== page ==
The main objective of this study was to evaluate the effect of swimmer glide depth on the hydrodynamic drag and its coefficient by using CFD method. It is noteworthy that with increase in the depth of underwater glide, the hydrodynamic drag decreased and became stable (with reduced amount of variation) in a range depending upon the depth of the swimming pool. The location of the stabilized region was where the contribution from the surface waves was also minimal (Lyttle et al. 1999; Toussaint et al. 2002; Vennell et al. 2006). This could be of practical application to choose the sustainable optimal glide path depending upon the glide velocity and depth of the swimming pool. The current study showed that the hydrodynamic drag coefficient decreased as the depth increased, which was in agreement with previous studies (Lyttle et al. 1999; Vennell et al. 2006; Bixler et al. 2007; Marinho et al. 2009).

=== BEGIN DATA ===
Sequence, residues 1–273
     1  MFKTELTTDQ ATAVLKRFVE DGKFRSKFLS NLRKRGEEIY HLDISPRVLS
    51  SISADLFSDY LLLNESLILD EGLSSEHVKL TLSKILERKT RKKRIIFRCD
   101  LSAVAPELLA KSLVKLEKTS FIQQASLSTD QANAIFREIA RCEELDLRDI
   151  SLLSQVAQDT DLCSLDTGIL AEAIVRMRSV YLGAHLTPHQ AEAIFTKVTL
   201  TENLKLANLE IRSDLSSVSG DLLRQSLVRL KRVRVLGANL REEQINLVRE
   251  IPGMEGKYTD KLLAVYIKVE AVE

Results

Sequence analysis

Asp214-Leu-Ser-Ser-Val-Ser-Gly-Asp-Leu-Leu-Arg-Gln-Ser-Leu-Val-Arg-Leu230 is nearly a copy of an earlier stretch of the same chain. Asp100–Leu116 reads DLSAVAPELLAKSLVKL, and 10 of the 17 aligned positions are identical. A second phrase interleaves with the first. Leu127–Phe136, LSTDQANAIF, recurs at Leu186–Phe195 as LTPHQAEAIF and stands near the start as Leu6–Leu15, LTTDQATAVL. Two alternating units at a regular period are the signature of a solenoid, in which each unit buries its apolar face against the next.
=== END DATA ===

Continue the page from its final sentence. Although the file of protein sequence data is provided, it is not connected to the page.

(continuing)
When the swimmer glided at 1.0 m glide depth in a 1.5 m deep swimming pool at the speed of 2.5 m/s, the numerical study predicted 18% more drag as compared with the experimental measurements (Vennell et al. 2006). This could be attributed to the variation and differences in the experimental and numerical conditions, such as the characteristics of swimmers, depth of swimming pool, differences in streamline glide positions, fluctuations in actual glide depth during the swimming, and combined error in the measurement instruments and numerical errors (Bixler et al. 2007). This could also be attributed to the differences in the position of hands, due to procedures followed during the scanning process in obtaining three-dimensional model, location of the model's hands (side by side and slightly apart), which also contributed to higher values of overall drag values (Vorontsov and Rumyantsev 2000). The differences between the previous numerical studies could be also attributed to the limitation in previous studies with the lack of use of real 3D swimmer model and limitations on the simulation of actual physics as compared with the present study, which was complete in this aspect, leading to more accurate prediction.